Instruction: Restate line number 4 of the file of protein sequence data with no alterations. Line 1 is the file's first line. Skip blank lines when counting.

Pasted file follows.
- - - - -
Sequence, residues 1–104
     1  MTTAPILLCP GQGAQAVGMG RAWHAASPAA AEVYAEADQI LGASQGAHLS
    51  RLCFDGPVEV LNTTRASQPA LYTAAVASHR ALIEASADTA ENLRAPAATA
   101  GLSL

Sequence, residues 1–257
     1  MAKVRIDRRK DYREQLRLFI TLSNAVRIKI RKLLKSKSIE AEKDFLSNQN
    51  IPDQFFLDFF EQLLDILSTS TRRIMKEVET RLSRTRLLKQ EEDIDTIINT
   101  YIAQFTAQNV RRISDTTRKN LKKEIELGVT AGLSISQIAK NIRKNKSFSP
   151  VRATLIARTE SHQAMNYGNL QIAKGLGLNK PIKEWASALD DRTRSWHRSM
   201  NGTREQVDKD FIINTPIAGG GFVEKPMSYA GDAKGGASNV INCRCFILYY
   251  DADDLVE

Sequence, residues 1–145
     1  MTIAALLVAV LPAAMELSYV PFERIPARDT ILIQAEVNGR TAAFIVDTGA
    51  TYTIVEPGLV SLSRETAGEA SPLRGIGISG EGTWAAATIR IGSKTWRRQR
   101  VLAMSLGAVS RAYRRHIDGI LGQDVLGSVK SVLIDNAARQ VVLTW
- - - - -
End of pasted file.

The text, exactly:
   101  GLSL